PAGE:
However, this doesn’t mean the CIO should be the policeman of IT; rather they should be partnering with their executive colleagues and seeking to understand their goals better. These goals are often more directly aligned with business growth and efficiency than IT’s, which have traditionally been more of the “keep the lights running” type. If you’re a CMO, the objective of your marketing and social media campaign directly impacts the business’ bottom line – but you also need technical leadership so that your campaign runs smoothly and without downtime.

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5 things that will remake big data in the next 5 years

Gigaom

Big data has evolved a lot of the past few years; from a happy buzzword to a hated buzzword, and from a focus on volume to a focus on variety and velocity. The term “big data” and the technologies that encompass it have been pored over, picked over and bastardized sometimes beyond recognition. Yet we’re at a point now where it’s finally becoming clear what all of this talk has been leading up to.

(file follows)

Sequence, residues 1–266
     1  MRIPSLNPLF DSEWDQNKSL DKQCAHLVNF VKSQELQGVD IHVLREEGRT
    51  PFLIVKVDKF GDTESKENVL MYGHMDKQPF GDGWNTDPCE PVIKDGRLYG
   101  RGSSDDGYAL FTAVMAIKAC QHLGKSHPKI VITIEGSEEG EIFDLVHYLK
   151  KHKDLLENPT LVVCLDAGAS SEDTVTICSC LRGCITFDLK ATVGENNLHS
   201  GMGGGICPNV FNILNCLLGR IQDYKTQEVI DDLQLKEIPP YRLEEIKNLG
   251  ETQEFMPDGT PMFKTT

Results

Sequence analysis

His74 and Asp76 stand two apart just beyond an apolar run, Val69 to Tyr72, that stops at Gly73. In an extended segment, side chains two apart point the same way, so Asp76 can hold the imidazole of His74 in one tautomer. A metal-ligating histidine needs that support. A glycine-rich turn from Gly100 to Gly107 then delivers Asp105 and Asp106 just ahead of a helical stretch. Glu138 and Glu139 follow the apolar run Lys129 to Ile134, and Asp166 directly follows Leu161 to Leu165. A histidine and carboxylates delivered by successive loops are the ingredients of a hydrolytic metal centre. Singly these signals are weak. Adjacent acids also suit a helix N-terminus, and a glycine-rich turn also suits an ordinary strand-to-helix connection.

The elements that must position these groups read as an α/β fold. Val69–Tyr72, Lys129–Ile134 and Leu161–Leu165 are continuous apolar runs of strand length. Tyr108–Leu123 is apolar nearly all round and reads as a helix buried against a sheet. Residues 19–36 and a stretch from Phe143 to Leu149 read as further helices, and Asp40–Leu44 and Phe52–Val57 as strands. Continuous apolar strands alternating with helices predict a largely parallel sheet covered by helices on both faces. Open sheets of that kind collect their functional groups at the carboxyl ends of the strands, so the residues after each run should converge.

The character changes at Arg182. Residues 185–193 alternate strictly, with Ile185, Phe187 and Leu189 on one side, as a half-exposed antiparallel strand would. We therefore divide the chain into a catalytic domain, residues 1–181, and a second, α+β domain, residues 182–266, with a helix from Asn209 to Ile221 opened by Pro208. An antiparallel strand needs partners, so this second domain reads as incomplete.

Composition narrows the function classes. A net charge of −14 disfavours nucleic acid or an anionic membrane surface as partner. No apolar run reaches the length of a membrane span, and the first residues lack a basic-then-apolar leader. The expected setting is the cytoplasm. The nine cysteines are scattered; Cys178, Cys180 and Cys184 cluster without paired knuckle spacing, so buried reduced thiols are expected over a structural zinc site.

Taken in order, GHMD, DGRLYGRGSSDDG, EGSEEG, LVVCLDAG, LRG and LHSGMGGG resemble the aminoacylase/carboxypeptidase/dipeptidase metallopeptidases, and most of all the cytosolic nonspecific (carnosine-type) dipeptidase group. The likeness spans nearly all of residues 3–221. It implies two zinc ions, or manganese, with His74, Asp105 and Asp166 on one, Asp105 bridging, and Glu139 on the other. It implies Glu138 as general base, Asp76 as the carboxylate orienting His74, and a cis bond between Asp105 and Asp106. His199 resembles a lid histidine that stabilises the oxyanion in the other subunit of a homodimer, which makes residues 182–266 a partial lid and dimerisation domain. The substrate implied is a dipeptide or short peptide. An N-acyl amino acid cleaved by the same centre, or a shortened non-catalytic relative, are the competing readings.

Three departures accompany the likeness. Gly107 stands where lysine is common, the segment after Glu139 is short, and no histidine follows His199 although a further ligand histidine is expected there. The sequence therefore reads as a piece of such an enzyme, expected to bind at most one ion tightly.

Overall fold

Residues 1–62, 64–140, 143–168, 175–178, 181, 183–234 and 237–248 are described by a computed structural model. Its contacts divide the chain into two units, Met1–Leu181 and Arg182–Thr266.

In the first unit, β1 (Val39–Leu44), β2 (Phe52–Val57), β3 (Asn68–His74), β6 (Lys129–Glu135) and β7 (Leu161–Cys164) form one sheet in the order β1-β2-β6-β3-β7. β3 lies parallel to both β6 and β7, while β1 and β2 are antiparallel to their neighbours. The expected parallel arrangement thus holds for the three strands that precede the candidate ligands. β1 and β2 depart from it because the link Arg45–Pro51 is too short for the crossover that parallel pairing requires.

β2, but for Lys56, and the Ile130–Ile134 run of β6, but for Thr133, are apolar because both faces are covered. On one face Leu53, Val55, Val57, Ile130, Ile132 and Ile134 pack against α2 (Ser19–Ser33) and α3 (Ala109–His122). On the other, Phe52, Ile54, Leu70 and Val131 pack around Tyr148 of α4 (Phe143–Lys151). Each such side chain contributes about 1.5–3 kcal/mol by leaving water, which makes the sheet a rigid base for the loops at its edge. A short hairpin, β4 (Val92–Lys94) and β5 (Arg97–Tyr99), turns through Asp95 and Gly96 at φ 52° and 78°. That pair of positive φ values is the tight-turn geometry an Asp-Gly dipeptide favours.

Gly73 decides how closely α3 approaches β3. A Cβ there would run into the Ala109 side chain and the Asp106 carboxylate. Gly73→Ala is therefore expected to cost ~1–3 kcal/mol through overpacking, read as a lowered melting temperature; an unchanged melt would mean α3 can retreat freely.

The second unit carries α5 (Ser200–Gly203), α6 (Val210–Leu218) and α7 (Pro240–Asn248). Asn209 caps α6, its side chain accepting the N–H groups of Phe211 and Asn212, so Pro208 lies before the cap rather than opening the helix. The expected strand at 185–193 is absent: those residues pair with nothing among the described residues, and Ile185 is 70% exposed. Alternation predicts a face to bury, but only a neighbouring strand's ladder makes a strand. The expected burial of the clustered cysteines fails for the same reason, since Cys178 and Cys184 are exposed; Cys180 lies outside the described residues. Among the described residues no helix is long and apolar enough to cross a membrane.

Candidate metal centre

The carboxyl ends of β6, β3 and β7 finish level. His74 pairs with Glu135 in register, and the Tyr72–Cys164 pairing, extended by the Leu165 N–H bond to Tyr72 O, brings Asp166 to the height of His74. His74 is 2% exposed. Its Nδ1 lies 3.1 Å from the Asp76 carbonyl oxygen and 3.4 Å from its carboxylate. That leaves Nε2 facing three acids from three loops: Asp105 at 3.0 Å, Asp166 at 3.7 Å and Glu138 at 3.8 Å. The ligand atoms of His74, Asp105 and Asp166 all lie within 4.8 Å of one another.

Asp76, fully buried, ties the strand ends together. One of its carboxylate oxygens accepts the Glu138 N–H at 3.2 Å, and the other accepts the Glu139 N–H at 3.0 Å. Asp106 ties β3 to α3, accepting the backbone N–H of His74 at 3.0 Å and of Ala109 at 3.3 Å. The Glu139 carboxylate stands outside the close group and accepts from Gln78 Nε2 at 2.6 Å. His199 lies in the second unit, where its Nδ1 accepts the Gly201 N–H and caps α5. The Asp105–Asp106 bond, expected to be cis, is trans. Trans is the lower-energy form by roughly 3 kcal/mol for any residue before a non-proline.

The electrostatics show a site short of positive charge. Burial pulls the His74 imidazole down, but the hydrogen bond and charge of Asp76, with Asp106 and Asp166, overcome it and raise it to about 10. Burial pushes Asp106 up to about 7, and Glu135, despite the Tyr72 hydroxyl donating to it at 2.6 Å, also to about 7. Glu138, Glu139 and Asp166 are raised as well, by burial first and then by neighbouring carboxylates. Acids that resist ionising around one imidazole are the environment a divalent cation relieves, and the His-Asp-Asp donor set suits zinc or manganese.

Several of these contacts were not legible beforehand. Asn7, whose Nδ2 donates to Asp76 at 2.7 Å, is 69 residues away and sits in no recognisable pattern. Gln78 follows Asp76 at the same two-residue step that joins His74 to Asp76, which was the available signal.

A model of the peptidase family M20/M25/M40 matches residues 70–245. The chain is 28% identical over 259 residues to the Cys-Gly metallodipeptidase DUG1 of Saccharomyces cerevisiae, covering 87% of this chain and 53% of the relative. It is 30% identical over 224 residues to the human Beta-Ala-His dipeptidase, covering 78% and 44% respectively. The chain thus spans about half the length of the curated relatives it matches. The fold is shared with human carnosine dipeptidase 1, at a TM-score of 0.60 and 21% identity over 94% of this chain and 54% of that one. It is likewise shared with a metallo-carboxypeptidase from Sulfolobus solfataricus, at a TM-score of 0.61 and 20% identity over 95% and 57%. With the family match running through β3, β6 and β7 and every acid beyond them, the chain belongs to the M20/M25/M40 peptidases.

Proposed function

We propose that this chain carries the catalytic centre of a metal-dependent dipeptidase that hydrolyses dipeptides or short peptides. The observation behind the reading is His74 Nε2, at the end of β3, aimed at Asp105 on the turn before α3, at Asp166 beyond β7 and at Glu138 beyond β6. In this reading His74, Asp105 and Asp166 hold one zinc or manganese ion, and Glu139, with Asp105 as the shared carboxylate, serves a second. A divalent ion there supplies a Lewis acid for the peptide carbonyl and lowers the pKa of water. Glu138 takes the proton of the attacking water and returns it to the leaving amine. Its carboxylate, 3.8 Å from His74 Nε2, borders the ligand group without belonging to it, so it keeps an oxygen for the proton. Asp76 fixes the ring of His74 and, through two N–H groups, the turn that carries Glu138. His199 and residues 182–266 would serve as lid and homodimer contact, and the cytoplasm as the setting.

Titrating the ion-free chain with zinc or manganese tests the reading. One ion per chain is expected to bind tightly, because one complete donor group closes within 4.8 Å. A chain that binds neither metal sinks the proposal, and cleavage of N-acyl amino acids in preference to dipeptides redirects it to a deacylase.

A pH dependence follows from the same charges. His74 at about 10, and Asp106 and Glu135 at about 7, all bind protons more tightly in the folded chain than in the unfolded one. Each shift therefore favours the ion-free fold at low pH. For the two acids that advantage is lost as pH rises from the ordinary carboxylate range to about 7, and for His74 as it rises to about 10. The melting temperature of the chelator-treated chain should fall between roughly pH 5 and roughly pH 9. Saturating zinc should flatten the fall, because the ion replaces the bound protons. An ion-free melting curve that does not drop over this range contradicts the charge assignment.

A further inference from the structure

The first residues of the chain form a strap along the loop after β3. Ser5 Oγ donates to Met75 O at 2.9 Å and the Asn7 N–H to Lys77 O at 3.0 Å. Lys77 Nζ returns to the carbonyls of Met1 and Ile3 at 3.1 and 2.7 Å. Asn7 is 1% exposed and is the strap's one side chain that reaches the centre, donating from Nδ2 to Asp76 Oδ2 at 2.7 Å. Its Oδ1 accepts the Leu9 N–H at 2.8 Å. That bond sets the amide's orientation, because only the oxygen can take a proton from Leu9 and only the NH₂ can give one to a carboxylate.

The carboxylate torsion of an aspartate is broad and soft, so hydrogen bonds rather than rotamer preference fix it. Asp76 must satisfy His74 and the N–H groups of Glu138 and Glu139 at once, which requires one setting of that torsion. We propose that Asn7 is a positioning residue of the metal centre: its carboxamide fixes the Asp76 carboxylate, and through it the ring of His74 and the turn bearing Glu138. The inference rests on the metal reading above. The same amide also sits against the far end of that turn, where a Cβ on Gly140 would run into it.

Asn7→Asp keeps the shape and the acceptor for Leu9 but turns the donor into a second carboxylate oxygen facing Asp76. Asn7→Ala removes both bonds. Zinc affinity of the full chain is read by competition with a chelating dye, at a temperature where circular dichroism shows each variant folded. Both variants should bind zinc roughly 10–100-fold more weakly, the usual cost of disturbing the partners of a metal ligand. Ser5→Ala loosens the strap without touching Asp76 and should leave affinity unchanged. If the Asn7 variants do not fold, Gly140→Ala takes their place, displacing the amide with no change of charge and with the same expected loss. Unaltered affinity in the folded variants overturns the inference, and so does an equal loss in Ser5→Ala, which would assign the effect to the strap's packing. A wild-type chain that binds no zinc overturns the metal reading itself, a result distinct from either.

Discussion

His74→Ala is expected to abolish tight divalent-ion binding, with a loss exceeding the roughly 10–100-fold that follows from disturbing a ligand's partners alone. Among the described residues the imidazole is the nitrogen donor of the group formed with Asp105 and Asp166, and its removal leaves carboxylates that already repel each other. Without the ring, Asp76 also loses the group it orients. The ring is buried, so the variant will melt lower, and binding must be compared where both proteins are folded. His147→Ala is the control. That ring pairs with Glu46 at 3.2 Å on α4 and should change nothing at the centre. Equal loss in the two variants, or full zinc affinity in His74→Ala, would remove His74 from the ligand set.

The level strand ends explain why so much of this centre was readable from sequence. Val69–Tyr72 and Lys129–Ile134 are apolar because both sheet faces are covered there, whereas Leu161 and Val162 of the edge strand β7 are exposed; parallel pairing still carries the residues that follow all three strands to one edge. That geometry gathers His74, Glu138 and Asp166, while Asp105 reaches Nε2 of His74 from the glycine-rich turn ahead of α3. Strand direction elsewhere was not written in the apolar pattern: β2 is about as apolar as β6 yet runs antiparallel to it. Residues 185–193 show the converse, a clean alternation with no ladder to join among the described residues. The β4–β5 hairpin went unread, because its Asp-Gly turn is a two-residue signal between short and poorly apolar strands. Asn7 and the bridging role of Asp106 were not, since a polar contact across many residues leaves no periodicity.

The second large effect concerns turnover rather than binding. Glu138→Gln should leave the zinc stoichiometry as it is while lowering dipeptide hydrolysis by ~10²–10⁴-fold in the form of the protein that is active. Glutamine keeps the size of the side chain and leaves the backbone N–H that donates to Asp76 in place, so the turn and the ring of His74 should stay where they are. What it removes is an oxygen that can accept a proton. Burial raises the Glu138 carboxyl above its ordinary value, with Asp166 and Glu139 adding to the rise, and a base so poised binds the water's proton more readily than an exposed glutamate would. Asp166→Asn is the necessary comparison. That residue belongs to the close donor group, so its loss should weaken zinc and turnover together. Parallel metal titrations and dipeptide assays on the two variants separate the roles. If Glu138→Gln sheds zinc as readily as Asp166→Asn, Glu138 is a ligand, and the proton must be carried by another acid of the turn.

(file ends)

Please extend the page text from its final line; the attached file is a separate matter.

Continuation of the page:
It’s a world of automation and intelligence, where it’s easier than ever to mine data, but also to build intelligence into everything from mobile apps to transportation systems. Big was never really the end goal, but the models driving this change generally feed on data to get smarter. Variety was never really a goal, it’s just that the more we can quantify, the more we can learn about the world around us.

It’s a world we’ll delve into in great detail at our Structure Data, which kicks off just a week from today (March 19) in New York. We have speakers from nearly every tech company that matters, as well from some of the biggest companies in the world and some of the smartest startups around. They’ll be talking about everything from fighting human trafficking to the future of Hadoop and the cutting edge in artificial intelligence.

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What You Think You Know About the Web Is Wrong